Robert E. Bomar

Robert E. Bomar

Enshrined November 10, 2007

Shelbyville’s “Bomar Field” Airport was literally Bomar’s field for years until it was first leased then purchased by the City of Shelbyville. The airport was built and owned by Bob Bomar; begun while he was home on leave as a Navy Pilot in 1944. Before enlisting in the Navy, Bob Bomar graduated from Cumberland University’s first Civilian Pilot Training Class in 1939. While in the service, Bob flew various Navy fighter aircraft in the European and Pacific theatres. Bomar aspired to an airline career but his entire life has been dedicated to general aviation where he earned a reputation as staunch advocate early in his career.

Governor Frank Clement sought Bomar’s counsel in 1953 that resulted in saving the floundering Tennessee Bureau of Aeronautics. That same year the Governor appointed a five-member Aeronautics Commission to oversee and manage the Bureau. Fifty airports were constructed across Tennessee between 1953 to 1968 while Bob Bomar chaired and served on the Tennessee Aeronautics Commission. From 1968 until 1992 Bob devoted himself to the Shelbyville Airport and upon retirement in 1992, he and his late wife were honored as recipients of Tennessee’s “Career Contributions to Aviation” award.

To learn more, visit: www.tnairmuseum.com

Stan Brock

Stan Brock

Enshrined November 10, 2007

Englishman, now long-time Knoxvillian, Stan Brock is recognized by many as the former co-star of the television series Wild Kingdom, but his true legacy will be indelibly cast as the Founder of the Remote Area Medical Volunteer Corps, a non-profit, volunteer, airborne relief effort dedicated to serving mankind by providing free health, dental and eye care as well as veterinary, technical and educational assistance to people in remote areas of the United States and the world. Brock founded Remote Area Medical in Knoxville in 1985. He and a huge cast of volunteer doctors, nurses, pilots, veterinarians and support workers work without pay as they participate in expeditions to help others, all at their own expense. Stan Brock learned to fly in Georgetown, Guiana many years ago and now has over 8,000 hours of flying time. He is an Air Transport rated pilot and Certified Flight Instructor.

To learn more, visit: www.tnairmuseum.com

Lanny G. Culver

Lanny G. Culver

(1939-2010) Enshrined November 10, 2007

Louisiana native Lanny Culver made an extraordinary mark in aviation in Memphis that began when he became Vice President of world famous Jack Adams Aircraft Sales in 1972. It is said that Lanny Culver’s name will always be at the forefront of those who took business aircraft sales from its beginnings to the multi-billion dollar business it is today, and for helping establish Memphis as a hub for business aviation. Culver was a visionary who developed an extraordinary knowledge of the world market for aircraft. His impeccable integrity, ethics and business acumen earned Lanny a global reputation as the consummate professional in the business and corporate aircraft industry. A stroke in April 2001 ended a career of leadership, innovation and integrity that will always be the legacy of Lanny Culver.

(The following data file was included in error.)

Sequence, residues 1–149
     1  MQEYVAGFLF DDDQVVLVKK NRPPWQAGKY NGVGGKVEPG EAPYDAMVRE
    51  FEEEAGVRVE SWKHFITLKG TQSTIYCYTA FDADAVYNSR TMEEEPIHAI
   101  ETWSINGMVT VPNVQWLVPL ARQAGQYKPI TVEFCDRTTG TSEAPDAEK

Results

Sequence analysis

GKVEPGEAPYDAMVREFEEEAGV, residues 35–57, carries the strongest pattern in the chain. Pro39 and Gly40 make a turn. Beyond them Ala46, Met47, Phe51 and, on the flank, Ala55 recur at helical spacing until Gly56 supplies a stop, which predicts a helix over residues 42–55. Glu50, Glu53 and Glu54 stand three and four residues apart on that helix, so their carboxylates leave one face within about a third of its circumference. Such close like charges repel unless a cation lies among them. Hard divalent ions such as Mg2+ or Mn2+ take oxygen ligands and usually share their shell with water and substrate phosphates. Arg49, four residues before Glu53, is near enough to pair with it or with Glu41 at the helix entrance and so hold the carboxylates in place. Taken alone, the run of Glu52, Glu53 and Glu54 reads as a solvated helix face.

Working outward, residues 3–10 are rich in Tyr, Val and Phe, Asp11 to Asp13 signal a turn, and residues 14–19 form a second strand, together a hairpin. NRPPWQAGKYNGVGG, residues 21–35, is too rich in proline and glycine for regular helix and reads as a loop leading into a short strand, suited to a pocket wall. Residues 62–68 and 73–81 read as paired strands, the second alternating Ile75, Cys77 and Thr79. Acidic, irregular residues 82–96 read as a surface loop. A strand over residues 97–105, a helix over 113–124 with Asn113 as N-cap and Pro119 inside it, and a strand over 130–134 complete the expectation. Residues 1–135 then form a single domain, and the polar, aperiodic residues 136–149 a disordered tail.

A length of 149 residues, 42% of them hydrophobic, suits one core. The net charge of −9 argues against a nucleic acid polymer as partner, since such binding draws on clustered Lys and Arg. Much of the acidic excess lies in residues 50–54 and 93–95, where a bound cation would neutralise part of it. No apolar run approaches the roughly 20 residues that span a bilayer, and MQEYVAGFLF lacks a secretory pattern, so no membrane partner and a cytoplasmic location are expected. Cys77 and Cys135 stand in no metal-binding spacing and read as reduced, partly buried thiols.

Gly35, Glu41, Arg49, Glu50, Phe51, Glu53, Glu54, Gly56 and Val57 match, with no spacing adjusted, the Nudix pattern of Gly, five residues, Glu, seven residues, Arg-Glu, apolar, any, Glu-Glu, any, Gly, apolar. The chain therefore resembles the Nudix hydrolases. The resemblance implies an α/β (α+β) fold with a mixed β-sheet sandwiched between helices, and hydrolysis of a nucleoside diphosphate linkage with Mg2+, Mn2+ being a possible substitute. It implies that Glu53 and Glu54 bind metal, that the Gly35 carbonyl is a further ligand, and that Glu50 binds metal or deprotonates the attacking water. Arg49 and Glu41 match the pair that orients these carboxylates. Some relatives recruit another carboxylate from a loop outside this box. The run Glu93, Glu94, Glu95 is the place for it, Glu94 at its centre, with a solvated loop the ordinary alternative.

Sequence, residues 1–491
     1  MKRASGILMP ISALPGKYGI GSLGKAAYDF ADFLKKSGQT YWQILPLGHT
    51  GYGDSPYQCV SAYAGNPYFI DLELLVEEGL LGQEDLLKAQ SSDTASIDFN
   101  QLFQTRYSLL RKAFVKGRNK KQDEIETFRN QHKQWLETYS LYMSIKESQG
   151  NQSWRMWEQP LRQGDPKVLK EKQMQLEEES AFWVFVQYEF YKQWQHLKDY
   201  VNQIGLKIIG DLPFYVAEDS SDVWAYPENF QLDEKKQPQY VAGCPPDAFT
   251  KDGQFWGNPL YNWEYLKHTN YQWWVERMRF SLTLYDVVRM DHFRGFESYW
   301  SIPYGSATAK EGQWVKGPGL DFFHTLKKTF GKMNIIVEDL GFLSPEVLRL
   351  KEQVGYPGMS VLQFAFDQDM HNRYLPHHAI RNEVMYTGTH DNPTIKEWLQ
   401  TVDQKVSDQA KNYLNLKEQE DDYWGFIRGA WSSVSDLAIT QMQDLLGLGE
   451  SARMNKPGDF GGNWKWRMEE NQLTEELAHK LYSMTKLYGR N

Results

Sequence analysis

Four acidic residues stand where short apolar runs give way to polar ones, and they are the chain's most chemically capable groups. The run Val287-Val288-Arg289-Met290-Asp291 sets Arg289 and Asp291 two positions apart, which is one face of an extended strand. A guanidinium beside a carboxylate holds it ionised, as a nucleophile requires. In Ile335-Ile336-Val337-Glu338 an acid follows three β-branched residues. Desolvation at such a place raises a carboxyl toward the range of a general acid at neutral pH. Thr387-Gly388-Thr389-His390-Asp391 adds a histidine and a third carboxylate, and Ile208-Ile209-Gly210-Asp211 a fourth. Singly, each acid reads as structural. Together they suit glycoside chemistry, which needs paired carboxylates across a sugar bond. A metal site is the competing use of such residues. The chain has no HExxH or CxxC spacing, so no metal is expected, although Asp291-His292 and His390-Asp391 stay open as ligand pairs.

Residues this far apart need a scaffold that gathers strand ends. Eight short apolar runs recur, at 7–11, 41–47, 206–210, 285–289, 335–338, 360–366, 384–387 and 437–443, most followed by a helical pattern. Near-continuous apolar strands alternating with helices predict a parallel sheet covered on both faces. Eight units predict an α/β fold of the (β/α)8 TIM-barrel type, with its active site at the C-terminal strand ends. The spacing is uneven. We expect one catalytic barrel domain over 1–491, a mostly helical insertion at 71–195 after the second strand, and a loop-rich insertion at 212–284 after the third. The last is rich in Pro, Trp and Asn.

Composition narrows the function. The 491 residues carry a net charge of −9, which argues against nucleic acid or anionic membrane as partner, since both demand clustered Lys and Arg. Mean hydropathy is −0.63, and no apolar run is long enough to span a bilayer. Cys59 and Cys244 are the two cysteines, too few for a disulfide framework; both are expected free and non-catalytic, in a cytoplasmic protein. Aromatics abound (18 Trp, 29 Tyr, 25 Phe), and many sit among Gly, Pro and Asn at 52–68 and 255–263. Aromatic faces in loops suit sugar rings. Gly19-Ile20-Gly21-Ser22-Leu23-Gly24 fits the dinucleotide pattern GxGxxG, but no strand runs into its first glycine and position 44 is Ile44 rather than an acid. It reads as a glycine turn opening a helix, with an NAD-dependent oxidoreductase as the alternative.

To learn more, visit: www.tnairmuseum.com

William S. Whitmore

William S. Whitmore

 (1923-2001) Enshrined November 10, 2007

Bill Whitmore’s aviation career began in 1942 when he became a Marine Aviator. He flew 168 missions in WWII in the F4U Corsair and the AD-4 Skyraider attack bomber in Korea and was awarded the Distinguished Flying Cross. Whitmore began what was to become a distinguished 30-year career with the Federal Aviation Administration in 1961. His logbook contains evidence that he conducted over 5,000 pilot check rides but his legacy is his extraordinary contributions to aviation safety in Tennessee. In 1990 when he retired from the FAA, the Tennessee Aeronautics Commission awarded Bill Whitmore its highest individual honor for his “Career Contributions to Aviation in Tennessee.”

To learn more, visit: www.tnairmuseum.com